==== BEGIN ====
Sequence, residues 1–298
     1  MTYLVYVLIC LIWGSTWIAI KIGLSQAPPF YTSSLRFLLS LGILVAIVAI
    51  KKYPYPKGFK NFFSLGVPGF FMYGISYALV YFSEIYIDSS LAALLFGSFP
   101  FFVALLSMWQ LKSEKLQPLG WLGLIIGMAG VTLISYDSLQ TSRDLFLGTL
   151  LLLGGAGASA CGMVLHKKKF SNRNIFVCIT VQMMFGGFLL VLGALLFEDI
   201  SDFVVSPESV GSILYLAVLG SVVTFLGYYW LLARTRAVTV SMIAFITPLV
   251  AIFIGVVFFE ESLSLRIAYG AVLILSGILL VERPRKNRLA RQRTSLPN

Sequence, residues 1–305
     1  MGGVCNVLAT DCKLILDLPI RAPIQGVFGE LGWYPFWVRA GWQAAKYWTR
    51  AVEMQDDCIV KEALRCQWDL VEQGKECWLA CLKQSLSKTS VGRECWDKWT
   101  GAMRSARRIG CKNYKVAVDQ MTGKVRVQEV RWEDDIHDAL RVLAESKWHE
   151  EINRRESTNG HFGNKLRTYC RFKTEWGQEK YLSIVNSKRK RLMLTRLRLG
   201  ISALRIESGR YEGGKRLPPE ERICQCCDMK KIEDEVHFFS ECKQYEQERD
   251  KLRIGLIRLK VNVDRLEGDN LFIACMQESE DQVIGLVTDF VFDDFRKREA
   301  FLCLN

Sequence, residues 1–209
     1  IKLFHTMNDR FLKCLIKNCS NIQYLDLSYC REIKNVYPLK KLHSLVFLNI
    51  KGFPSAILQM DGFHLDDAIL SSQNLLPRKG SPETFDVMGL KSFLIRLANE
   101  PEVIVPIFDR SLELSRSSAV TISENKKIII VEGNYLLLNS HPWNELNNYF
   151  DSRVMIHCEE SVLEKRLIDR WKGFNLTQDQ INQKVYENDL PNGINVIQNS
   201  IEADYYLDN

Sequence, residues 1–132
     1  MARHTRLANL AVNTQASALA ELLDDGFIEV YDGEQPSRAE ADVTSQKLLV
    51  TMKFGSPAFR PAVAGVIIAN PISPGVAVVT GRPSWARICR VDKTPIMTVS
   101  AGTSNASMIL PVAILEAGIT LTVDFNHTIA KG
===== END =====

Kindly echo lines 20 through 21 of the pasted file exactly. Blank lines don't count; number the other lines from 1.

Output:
   151  DSRVMIHCEE SVLEKRLIDR WKGFNLTQDQ INQKVYENDL PNGINVIQNS
   201  IEADYYLDN